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Yom Kippur Terror in Germany

Jewish communities in Halle and across Germany are going to be behind barricades and heavily-armed police for a long-time to come

A  Nazi opening fire on a shul in Germany sounds like something out of the 1930s. But a far-right attack on a synagogue in Germany’s east on Yom Kippur 2019, coming soon after a knife-wielding Syrian refugee tried to enter a Berlin shul, has raised questions about modern Germany’s ability to deal with the resurgence of far-right and Muslim extremism.

At about noon on Yom Kippur, a helmet-clad neo-Nazi tried to enter the synagogue in Halle, the fifth-largest city in the former East Germany. Livestreaming his attack on social media, he repeatedly tried to shoot the barricaded door, and killed a passerby before continuing his rampage in a nearby kebab store, where he killed a patron. Two others were seriously injured.

“The first thing we knew of the attack was when we heard a loud bang, of homemade Molotov cocktails going off,” said Berlin-based Mollie Sharfman. “As soon as we realized what was happening, the chazzan, Yossel Remis, told everyone to run to the back of the shul, and no one was injured. It was a miracle that the door was closed.”

Sharfman, who works for Educating for Impact, a Lauder Foundation affiliate that works to strengthen Jewish communities across Europe, was part of a group of young people who had come to the small community for Yom Kippur. “The local community contains many older Russian-speakers from the former Soviet Union and some younger people, and there was a group of young professionals from Berlin there. We were all very shaken, and people really connected to the Mussaf.”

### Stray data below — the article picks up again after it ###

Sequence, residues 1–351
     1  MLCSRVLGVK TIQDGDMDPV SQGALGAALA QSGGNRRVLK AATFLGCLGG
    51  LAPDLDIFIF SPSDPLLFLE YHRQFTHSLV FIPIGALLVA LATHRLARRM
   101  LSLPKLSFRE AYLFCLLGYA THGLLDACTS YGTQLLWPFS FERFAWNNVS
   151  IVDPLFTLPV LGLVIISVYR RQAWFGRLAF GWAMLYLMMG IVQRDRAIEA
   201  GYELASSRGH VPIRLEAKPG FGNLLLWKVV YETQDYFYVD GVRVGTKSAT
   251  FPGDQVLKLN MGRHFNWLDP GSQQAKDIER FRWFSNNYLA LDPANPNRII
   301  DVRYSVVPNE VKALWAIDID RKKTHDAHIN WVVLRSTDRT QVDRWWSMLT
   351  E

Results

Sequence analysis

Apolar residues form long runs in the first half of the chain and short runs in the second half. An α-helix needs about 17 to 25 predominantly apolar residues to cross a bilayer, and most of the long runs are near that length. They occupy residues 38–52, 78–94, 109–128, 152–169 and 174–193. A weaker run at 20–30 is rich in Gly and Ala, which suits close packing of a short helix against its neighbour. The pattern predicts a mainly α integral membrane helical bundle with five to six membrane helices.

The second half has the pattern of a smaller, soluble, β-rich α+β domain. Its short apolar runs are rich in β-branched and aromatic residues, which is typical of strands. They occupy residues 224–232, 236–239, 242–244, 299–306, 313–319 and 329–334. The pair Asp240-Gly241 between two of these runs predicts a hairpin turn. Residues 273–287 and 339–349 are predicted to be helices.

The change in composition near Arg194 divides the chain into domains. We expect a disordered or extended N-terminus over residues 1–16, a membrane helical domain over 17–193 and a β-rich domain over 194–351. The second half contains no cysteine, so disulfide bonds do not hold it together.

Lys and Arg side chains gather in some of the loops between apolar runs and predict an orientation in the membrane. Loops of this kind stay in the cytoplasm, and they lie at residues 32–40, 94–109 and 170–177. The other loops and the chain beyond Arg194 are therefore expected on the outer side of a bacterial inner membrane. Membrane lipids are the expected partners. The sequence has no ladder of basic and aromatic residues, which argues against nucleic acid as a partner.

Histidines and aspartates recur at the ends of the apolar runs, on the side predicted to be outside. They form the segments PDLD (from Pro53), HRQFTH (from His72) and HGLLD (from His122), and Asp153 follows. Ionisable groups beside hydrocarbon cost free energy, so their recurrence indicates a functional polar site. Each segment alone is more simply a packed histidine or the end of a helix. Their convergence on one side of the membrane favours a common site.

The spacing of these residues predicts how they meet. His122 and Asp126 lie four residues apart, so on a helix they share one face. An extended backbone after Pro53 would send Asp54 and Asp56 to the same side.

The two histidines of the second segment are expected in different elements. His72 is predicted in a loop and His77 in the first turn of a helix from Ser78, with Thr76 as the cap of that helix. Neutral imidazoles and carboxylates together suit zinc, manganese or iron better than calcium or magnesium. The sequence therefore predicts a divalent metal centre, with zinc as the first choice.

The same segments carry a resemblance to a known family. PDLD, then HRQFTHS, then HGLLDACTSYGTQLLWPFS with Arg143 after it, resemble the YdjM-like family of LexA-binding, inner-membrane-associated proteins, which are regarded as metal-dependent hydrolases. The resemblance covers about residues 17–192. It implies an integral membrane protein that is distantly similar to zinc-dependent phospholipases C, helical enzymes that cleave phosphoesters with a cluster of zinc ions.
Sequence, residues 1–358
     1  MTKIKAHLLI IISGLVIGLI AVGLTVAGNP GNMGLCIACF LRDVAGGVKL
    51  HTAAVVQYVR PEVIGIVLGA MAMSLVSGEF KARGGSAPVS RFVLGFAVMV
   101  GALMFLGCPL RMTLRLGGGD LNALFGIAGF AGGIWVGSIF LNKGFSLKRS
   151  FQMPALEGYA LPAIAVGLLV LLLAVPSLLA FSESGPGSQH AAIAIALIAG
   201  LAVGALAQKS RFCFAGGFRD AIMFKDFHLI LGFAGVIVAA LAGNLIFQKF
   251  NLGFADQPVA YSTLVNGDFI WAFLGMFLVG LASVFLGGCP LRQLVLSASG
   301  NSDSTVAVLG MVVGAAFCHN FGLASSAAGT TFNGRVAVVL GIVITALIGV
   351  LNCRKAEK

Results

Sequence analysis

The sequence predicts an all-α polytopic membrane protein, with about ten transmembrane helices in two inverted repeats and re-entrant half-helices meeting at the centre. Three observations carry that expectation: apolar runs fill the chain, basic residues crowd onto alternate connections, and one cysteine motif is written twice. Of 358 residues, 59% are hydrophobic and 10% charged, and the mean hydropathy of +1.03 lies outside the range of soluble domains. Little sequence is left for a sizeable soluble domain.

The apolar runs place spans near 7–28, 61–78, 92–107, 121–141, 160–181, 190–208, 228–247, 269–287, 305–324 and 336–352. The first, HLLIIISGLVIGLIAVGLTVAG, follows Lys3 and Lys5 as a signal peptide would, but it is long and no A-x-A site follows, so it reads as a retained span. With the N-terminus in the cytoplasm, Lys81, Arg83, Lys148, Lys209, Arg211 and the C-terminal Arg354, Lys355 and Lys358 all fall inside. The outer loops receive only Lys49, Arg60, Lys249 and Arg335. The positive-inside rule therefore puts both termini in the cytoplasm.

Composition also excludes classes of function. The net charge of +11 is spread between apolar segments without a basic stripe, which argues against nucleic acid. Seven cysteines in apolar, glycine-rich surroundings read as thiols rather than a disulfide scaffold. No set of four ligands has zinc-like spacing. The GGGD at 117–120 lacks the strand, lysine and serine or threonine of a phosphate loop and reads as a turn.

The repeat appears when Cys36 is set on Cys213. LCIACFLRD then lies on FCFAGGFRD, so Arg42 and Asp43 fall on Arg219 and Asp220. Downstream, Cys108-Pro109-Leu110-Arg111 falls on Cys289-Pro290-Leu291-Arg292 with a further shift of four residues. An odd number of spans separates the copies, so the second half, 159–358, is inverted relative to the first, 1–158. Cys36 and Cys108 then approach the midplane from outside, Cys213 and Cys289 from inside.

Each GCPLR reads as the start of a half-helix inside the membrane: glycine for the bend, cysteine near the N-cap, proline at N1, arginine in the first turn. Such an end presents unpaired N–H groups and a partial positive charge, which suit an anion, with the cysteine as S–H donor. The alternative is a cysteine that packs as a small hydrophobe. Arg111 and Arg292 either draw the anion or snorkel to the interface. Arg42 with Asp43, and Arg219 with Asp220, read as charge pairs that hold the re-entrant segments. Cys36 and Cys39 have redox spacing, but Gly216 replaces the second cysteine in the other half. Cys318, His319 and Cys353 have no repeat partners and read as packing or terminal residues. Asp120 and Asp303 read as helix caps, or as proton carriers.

The police only gave the all-clear hours later, toward the end of Yom Kippur, by which time Jewish communities all over Germany were on alert. Gadi Gronich, a Munich-based official for the Conference of European Rabbis, says that the community there was apprehensive. “There were noticeably fewer people in the synagogue for Neilah than normal — probably because of the attack.”

The Yom Kippur attack came days after a knife-wielding Syrian refugee attempted to enter a synagogue in Berlin, shouting “Allahu Akbar.” The two attacks highlight the twin threats of anti-Semitism from Germany’s far-right and Muslim populations. A recent report from the country’s Interior Ministry said that of the estimated 24,000 far-right extremists known to security services, half were thought to be prepared to use violence.

But the fact that the Berlin attacker was released — causing outrage in the local Jewish community — calls into question whether the German authorities have the tools or the will to deal with terror from both sides of the spectrum.

Rabbi Pinchas Goldschmidt, president of the Conference of European Rabbis, sees the rise in both threats as a failure of political will on the part of German authorities. “Legal tools exist to deal with both threats,” he said, “and if they don’t, they can be created. Much more can be done at all levels — legal, police, civil society. The fact that the Muslim attacker in Berlin was released is a major failure.”

The context of the Halle attack, he says, is the political rise of the far-right, particularly in East Germany. “The anti-refugee Alternative for Germany party (AfD) condemned the Yom Kippur attack, but they say that Germany should stop apologizing for the Holocaust after 70 years. Holocaust denial is always linked to anti-Semitism.”

Going forward, said Rabbi Goldschmidt, it’s important not to get used to this new normal of a fearful Jewish community. “We want to see a Germany in which any Jewish person can walk anywhere with a kippah; where synagogues can be open without machine-gun armed police. This new reality is a great test for the government.”

But after this Yom Kippur, this seems like a distant wish. Jewish communities in Halle and across Germany are going to be behind barricades and heavily-armed police for a long-time to come.

(Originally featured in Mishpacha, Issue 782)

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